If you're thinking the legislation will tamp down overall health care spending, reconsider. Policy analysts ranging from the neutral Congressional Budget Office to the HMO lobby see no abatement in the growth rate of health care spending. That sector of the economy is growing at a 7.4% annual rate, says actuarial firm Milliman. Medicare's chief actuary, Richard Foster, thinks that the Senate bill would expand health spending by $234 billion above current projections.
The amount of cost shifting onto private plans will rise.
The premium hikes will result from cost shifting, better known as passing the buck. The House and Senate insurance bills aim to cover their costs in part by cutting annual Medicare reimbursements to hospitals, doctors and drug companies by $45 billion. Those providers will likely try to offset the cuts by negotiating higher rates with private HMOs--which then get passed along through higher premiums. That's exactly what occurred after past Medicare and Medicaid cuts, according to the CBO analysis. Families USA, a nonprofit group advocating expanded federal involvement in health care, says insured families are already absorbing $1,000 a year in costs shifted away from uninsured patients.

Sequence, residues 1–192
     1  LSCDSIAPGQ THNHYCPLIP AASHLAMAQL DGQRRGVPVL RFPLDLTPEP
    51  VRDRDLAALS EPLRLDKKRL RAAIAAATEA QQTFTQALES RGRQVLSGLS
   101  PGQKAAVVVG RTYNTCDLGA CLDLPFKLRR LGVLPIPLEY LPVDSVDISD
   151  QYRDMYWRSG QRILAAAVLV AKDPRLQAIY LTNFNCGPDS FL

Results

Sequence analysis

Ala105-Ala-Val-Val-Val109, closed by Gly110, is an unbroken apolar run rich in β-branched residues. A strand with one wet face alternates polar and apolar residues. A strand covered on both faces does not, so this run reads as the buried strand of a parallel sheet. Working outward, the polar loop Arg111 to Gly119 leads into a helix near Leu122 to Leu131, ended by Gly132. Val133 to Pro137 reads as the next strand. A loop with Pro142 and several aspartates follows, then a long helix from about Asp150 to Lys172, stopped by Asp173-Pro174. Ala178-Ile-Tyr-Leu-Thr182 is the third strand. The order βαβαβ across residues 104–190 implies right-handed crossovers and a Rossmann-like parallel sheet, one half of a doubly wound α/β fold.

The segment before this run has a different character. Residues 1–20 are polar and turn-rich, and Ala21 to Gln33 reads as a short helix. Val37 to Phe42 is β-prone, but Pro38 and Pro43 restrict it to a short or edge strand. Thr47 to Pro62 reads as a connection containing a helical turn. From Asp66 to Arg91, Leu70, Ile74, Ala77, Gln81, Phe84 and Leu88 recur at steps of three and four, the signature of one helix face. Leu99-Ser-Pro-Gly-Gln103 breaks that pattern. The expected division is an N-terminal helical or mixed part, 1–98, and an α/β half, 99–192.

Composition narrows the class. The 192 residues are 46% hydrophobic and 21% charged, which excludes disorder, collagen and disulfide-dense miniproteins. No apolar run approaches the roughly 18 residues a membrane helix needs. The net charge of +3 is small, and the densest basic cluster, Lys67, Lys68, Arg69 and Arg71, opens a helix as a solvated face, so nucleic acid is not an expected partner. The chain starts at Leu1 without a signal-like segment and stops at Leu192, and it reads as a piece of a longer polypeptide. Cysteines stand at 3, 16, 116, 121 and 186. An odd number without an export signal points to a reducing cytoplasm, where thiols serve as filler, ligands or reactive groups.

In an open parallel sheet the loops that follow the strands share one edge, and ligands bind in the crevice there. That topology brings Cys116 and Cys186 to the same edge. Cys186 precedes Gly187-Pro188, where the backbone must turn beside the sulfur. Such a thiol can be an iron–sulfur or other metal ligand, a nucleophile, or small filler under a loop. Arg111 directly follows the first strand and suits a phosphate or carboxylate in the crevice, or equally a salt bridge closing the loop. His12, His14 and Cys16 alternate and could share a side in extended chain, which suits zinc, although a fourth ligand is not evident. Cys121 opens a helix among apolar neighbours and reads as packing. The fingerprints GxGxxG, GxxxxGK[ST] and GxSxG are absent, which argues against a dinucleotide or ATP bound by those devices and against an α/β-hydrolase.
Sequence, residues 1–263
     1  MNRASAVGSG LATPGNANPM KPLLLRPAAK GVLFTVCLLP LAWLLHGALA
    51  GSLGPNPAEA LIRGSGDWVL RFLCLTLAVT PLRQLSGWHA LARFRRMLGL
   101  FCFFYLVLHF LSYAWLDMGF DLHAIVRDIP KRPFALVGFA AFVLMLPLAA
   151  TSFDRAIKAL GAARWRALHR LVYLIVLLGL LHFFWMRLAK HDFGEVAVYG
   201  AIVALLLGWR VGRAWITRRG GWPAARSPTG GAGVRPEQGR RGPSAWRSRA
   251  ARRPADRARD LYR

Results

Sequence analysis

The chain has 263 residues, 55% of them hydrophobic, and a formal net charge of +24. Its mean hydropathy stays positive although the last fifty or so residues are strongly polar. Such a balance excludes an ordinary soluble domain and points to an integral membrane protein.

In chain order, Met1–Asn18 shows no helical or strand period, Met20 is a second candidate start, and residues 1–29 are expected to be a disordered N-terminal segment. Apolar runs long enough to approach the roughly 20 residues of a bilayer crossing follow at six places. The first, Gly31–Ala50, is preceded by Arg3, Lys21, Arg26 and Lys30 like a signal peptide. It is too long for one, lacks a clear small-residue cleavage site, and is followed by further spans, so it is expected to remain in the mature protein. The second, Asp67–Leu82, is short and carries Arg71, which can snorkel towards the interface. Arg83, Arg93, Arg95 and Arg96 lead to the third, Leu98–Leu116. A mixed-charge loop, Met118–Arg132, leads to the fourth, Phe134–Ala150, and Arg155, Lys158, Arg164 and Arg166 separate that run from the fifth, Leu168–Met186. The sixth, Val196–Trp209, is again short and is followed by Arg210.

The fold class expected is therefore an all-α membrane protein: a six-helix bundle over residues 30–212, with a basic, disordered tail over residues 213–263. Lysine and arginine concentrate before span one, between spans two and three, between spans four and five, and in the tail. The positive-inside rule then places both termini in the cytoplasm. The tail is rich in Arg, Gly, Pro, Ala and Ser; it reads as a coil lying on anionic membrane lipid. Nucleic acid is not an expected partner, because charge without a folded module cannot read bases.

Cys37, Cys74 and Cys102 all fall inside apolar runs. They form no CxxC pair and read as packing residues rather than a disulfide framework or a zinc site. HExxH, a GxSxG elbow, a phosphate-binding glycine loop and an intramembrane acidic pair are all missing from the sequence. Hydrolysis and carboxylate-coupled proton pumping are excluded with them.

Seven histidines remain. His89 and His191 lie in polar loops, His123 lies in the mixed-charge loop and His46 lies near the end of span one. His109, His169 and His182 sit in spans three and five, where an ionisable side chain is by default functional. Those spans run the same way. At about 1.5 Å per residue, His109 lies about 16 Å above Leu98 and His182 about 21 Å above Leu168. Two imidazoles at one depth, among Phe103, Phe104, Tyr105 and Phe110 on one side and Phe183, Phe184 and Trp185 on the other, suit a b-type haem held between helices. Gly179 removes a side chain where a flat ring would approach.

People who buy medical insurance on their own will be hardest hit because the individual insurance market won't be able to deny coverage due to pre-existing conditions. So some will wait to buy insurance until they get seriously ill and those people will get paid for by those who pay all along. Read the full article for estimates of how much premiums will rise. Individuals buying their own insurance might pay as much as 53% more. Employers won't be hit as hard as individuals. The more powerful and more organized manage to shift costs toward the less powerful and less organized.
People who make less money will be even more subsidized by the most productive. That's a more general trend that makes me worried for the future.
|Share |||By Randall Parker at 2010 January 26 10:47 PM Economics Health|